The fourth thread exclusively deals with the Indian parallel. Obviously a big canvas and if not handled well, may tend to get out of control. The fact that it is one of the threads of the design history necessitates it to be written within the format of an overview. The challenge here is not just to search and identify innovations through ages to enhance the human environment but to back them up with those concepts that have ‘design parallels’ from the available Indian treatises on human knowledge and practical sciences. Care must be taken so as not to fall in the usual trap of entirely depending on ‘sarkari’ sources available with various archives of the national museums or departments of the Ministries of Culture or Education or whatever. Or on works by certain learned people, which though well researched might have been written and presented with a specific agenda.
To me the right approach for this particular thread would be akin to the one employed by Dr Amartya Sen in his now famous book, the Argumentative Indian. Accordingly, one begins at the beginning and for the benefit of the international, and Indian, audiences search for design related concepts from the ‘classical’ periods onward. These are the concepts which, live and vibrant in their time, still make their presence felt as strong undercurrents in our time. The carefully charted journey may end with the entry of modern design through two separate points in time; Chandigarh and the India Report.
To reinforce the above argument, any discussion on Indian equivalences to modern design concepts and idioms will naturally have a mention of design education in India. In this context one sees a further need to which this kind of historical enquiry will have to address. It is a need that is purely culture specific and not yet adequately addressed. First of all, it is by now well accepted that to learn design in our time is also to develop an acute sense of belonging to a fluid and dynamic global process; in fact this has already been described as international movement. Alternately, this can happen only when one acquires a right kind of understanding of one’s own bearings and whereabouts in this rather volatile space. This in other words, means it is equally necessary to be acquainted with important developments in the course of India’s history that strike resonance with their counterparts in international design arena. And in order to appreciate these developments in their ‘prehistoric’ perspective, one may be required to undertake a backward journey to pick out relevant historical ‘threads’ directly related to India’s philosophy and cultural traditions.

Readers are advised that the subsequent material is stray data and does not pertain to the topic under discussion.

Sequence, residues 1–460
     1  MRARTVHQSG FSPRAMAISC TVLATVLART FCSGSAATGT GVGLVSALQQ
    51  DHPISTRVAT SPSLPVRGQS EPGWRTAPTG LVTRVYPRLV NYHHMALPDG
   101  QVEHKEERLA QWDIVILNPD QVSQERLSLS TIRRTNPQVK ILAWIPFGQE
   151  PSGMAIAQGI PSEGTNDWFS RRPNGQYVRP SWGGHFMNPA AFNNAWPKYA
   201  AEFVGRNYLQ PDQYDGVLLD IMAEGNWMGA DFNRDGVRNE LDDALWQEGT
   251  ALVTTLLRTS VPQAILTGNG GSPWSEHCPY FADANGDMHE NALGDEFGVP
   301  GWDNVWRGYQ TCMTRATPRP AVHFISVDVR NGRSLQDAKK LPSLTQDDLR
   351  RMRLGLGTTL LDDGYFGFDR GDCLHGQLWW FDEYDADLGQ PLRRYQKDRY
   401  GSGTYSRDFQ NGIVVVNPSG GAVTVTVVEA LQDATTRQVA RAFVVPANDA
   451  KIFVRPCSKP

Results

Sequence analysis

It is important to remember at this point that these four threads are to be seen as warps which are to be crosswoven with help of the wefts of transcultural influences and exchanges cutting through age old prejudices of all kinds.
And finally, the reason for narrating a particular approach to design history based on above four threads. This is what seemed to help me prepare the groundwork when about one and half year ago, I was asked to write history of modern design in the international as well as Indian contexts. The work has now been completed and the book is being published under title, “Design the International Movement with Indian Parallel”. Enquiries to: SID Research Cell, School of Interior Design, CEPT University. Ph +91 79 2630 2471, 2630 2740. Email: research@gmail. com Website: http://www.cept. ac.in
As indicated earlier such historical narratives must go beyond setting right the past distortions by our British ex-rulers who incidentally, and quite unknowingly, acted as harbingers of modernity and the Modern Movement to India. It is also to be seen as an attempt to relate the concept of modern design directly to India’s past traditions as well as her present aspirations to bring the fruits of modernity in its most relevant sense to her people without inhibiting the very humane aspect of a many-splendored cultural continuum.